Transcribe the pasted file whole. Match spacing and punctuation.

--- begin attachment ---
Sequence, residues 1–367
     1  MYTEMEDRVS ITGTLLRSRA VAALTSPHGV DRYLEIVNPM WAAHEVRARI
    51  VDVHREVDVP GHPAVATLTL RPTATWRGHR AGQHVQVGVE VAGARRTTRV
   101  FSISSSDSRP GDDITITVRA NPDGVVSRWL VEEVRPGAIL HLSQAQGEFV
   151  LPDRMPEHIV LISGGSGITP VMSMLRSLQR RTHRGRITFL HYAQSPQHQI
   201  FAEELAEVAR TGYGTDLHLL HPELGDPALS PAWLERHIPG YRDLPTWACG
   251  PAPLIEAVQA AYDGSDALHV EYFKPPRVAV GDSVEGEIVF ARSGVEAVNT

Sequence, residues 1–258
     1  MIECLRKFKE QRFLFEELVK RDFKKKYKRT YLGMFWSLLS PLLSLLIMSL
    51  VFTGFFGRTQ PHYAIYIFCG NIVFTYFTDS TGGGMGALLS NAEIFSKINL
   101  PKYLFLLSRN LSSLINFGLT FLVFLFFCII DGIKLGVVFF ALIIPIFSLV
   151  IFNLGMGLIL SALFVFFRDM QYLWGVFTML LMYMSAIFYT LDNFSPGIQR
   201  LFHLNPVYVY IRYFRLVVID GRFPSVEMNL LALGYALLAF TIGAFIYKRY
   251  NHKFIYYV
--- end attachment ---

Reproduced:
Sequence, residues 1–367
     1  MYTEMEDRVS ITGTLLRSRA VAALTSPHGV DRYLEIVNPM WAAHEVRARI
    51  VDVHREVDVP GHPAVATLTL RPTATWRGHR AGQHVQVGVE VAGARRTTRV
   101  FSISSSDSRP GDDITITVRA NPDGVVSRWL VEEVRPGAIL HLSQAQGEFV
   151  LPDRMPEHIV LISGGSGITP VMSMLRSLQR RTHRGRITFL HYAQSPQHQI
   201  FAEELAEVAR TGYGTDLHLL HPELGDPALS PAWLERHIPG YRDLPTWACG
   251  PAPLIEAVQA AYDGSDALHV EYFKPPRVAV GDSVEGEIVF ARSGVEAVNT

Sequence, residues 1–258
     1  MIECLRKFKE QRFLFEELVK RDFKKKYKRT YLGMFWSLLS PLLSLLIMSL
    51  VFTGFFGRTQ PHYAIYIFCG NIVFTYFTDS TGGGMGALLS NAEIFSKINL
   101  PKYLFLLSRN LSSLINFGLT FLVFLFFCII DGIKLGVVFF ALIIPIFSLV
   151  IFNLGMGLIL SALFVFFRDM QYLWGVFTML LMYMSAIFYT LDNFSPGIQR
   201  LFHLNPVYVY IRYFRLVVID GRFPSVEMNL LALGYALLAF TIGAFIYKRY
   251  NHKFIYYV